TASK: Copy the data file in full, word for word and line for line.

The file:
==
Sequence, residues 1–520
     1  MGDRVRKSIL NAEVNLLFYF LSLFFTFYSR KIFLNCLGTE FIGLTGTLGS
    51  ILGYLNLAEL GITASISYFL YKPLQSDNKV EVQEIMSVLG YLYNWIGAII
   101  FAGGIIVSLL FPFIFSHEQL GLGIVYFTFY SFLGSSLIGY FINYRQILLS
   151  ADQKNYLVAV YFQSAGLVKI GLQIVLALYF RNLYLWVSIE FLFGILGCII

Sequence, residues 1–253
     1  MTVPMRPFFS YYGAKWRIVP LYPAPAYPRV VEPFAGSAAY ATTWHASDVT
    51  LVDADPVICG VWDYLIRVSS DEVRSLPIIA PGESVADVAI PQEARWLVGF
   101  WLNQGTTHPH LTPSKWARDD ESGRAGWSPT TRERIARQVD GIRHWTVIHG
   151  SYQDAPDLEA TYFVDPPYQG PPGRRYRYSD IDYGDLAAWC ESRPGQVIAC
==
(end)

Sequence, residues 1–520
     1  MGDRVRKSIL NAEVNLLFYF LSLFFTFYSR KIFLNCLGTE FIGLTGTLGS
    51  ILGYLNLAEL GITASISYFL YKPLQSDNKV EVQEIMSVLG YLYNWIGAII
   101  FAGGIIVSLL FPFIFSHEQL GLGIVYFTFY SFLGSSLIGY FINYRQILLS
   151  ADQKNYLVAV YFQSAGLVKI GLQIVLALYF RNLYLWVSIE FLFGILGCII

Sequence, residues 1–253
     1  MTVPMRPFFS YYGAKWRIVP LYPAPAYPRV VEPFAGSAAY ATTWHASDVT
    51  LVDADPVICG VWDYLIRVSS DEVRSLPIIA PGESVADVAI PQEARWLVGF
   101  WLNQGTTHPH LTPSKWARDD ESGRAGWSPT TRERIARQVD GIRHWTVIHG
   151  SYQDAPDLEA TYFVDPPYQG PPGRRYRYSD IDYGDLAAWC ESRPGQVIAC